Barbecue is nice, and fried green tomatoes have a catchy name. But if you want the dish that truly represents the South these days, skip them both and turn to another recipe entirely:
Shrimp and grits, the shrimper’s breakfast born on the tidal creeks of the Lowcountry, has become the iconic dish of the South.
During the Democratic National Convention in Charlotte, we expected the jokes about North Carolina’s food, weather and politics. We didn’t expect that the convention’s most popular nosh, served in everything from cocktail glasses to chafing dishes, would turn out to be the signature of another city — in another state.
"It’s become the go-to dish that represents the South," says Matt Lee, who writes Charleston, S.C.-based cookbooks with his brother, Ted Lee.
"Shrimp and grits say ‘Southern’ in such a clean, elegant way."
Maybe this election year was destined to be the year of the grits. Even Mitt Romney declared in March that he had started one day of campaigning in Mississippi with "a biscuit and some cheesy grits."
(That’s cheese grits, bubba — cheesy sounds like something you’d make with Velveeta. But we’ll give you credit for trying.)
For those who come from outside the South, grits inevitably inspire a little hesitation. To quote Joe Pesci’s character in "My Cousin Vinny": "What the heck is a grit?"
But for the caterers and party planners who were asked to "tell the story of Charlotte and the South" at welcoming events for the Democrats, shrimp and grits was a no-brainer, said caterer Jill Marcus of Something Classic, who served it several ways at several parties.
"They wanted to taste what Southern food tastes like," she said.
"That was one of the dishes we make that is Southern, and it was easy to do on a large scale."
It was also a chance to correct some impressions, she said. Many visitors from the Washington area had already formed a negative opinion about grits.
"They said, ‘I didn’t know I liked grits.’ I said, ‘Well, if you do them right ...’"
What’s right, according to Marcus? "Butter, cream and cheese. And you have to start with good grits." She uses stone-ground, heirloom-corn grits from Geechie Boy Mills on Edisto Island, S.C.
Greg Johnsman of Geechie Boy uses antique milling equipment to make his grits. He credits Charleston chef Sean Brock with bringing a new attention to the authenticity of Southern ingredients.
Shrimp and grits has caught on so much around the country that Johnsman says he even sells grits to a restaurant in Portland, Maine.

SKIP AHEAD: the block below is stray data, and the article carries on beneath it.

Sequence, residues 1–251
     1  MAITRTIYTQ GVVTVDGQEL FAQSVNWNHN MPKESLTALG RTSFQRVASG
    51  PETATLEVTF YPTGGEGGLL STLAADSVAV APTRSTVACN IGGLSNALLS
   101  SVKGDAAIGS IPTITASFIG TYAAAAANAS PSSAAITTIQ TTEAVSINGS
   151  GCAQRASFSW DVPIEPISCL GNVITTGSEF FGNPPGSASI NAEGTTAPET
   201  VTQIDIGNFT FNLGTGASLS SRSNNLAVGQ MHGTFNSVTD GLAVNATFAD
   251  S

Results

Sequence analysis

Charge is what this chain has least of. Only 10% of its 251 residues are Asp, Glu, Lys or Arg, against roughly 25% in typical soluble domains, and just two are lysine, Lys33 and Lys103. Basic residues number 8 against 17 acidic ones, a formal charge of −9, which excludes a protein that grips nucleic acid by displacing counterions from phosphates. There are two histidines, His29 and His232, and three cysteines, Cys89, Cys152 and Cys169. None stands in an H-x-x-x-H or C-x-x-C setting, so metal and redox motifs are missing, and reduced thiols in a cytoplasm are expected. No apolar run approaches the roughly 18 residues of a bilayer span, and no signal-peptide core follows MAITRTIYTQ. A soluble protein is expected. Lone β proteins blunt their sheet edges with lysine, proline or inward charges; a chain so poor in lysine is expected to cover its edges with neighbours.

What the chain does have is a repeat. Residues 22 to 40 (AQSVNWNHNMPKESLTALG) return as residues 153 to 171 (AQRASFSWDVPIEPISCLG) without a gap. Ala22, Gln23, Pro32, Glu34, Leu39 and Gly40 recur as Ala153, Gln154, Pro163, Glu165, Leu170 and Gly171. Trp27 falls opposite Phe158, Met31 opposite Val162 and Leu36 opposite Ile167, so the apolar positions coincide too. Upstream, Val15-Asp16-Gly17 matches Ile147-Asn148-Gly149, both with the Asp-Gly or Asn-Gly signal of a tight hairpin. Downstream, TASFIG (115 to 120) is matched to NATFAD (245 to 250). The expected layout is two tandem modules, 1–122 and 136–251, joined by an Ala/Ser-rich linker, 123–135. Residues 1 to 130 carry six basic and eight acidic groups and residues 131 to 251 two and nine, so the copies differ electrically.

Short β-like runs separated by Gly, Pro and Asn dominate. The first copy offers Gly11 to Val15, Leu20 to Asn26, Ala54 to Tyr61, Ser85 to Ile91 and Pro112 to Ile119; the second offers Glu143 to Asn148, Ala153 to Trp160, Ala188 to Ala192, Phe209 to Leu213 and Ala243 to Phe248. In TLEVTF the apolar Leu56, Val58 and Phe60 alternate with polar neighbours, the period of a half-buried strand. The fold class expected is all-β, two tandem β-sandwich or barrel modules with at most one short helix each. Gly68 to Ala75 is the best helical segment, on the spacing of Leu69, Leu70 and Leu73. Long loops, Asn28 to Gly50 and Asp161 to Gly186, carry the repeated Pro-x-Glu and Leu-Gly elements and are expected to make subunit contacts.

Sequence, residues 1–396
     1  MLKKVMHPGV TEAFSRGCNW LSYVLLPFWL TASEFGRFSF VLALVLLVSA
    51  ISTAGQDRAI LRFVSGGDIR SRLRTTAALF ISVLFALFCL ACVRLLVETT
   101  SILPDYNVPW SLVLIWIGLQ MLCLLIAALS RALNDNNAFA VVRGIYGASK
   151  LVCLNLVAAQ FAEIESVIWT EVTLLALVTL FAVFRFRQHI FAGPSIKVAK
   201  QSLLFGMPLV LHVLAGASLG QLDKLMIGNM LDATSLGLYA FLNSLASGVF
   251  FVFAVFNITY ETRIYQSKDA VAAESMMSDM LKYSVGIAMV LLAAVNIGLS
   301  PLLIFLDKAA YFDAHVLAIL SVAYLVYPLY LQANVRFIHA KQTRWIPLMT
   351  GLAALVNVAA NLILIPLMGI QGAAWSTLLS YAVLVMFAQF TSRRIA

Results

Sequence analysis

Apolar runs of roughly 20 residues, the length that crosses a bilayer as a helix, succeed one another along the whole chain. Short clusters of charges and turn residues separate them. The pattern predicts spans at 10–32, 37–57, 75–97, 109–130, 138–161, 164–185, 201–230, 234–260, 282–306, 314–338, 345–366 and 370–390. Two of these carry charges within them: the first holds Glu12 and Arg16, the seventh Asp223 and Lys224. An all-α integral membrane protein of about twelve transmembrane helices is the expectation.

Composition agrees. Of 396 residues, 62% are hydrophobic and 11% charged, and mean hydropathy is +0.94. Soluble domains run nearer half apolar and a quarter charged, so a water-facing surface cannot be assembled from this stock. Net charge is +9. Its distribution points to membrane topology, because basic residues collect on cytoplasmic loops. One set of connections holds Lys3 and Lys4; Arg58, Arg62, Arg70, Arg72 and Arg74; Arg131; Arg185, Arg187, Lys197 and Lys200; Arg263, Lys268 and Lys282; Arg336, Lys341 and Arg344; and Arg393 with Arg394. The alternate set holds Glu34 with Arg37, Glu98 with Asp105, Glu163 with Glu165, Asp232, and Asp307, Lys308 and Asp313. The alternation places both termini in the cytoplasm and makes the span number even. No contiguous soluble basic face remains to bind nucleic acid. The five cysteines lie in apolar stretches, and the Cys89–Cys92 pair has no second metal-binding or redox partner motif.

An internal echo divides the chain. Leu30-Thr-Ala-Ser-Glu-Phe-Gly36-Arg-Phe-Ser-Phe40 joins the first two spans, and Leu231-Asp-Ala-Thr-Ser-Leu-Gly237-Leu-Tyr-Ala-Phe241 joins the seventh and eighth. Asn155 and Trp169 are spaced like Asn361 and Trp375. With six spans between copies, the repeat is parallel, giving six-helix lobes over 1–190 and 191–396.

"You don’t realize the Southern contingency in Maine," Johnsman said. "And because of the novelty, they take a little more liberties. They might use lobster instead of shrimp. It blows me away."
Given its history, we shouldn’t be surprised that shrimp and grits has traveled so far. It may have started at breakfast in Charleston, but it made the jump to the national scene in Chapel Hill, in the hands of the late chef Bill Neal.
Neal was a native of South Carolina, so he knew the original, a breakfast of shrimp sauteed in bacon grease and butter and poured over grits. But at the restaurant Crook’s Corner in the 1980s, he dressed it up and served it as a dinner dish.
Today Bill Smith Jr. is the chef at Crook’s Corner, where he continues Neal’s legacy as well as creating cuisine of his own. He gets asked about the dish all the time, but he says he never gets tired of making it.
"It sounds sort of hokey — it’s sort of Mayberry-sounding," he says. "But it’s really good. It’s like a sophisticated Italian supper."
Long before Neal adopted it, shrimp and grits had already gone through transitions. Lori Pearson of Charlotte’s Savor Cafe is a native of Charleston.
She remembers two versions — a dressier one with cream and a simpler version that was more like a tomato-based gravy.
"We grew up with people who shrimped for a living," she says. They made the tomato version, although she now serves the cream-based kind at her restaurant.
Matt Lee has been researching the history of the dish for "The Lee Brothers Charleston Cookbook," due next spring. The original version, he said, wasn’t tomato or cream. It was a pound of shrimp sauteed in a half-pound of butter, flavored with salt and pepper and served over hominy grits. The shrimp were tiny, very fresh creek shrimp that exuded their juices to make the sauce.
In the 1950s, the sauce changed to a tomato-based gravy that involved ketchup, Worcestershire, bacon grease and flour.
Lee thinks Bill Neal restored the original by keeping the bacon but losing the ketchup.
Today, he says, chefs all over the South are doing what he calls "shrimp and grits 2.0," with all kinds of riffs.
At Halcyon: Flavors of the Earth in Charlotte, chef Marc Jacksina does an Asian-inspired version that involves Korean kimchee and shrimp braised in dashi, a Japanese fish broth.
Lee loves that Charleston has shared something that’s caught on so well with the rest of the South.
"We’ve loved on (N.C.) barbecue for a while now and that’s not really a Charleston thing," he said, laughing. "So the score is settled."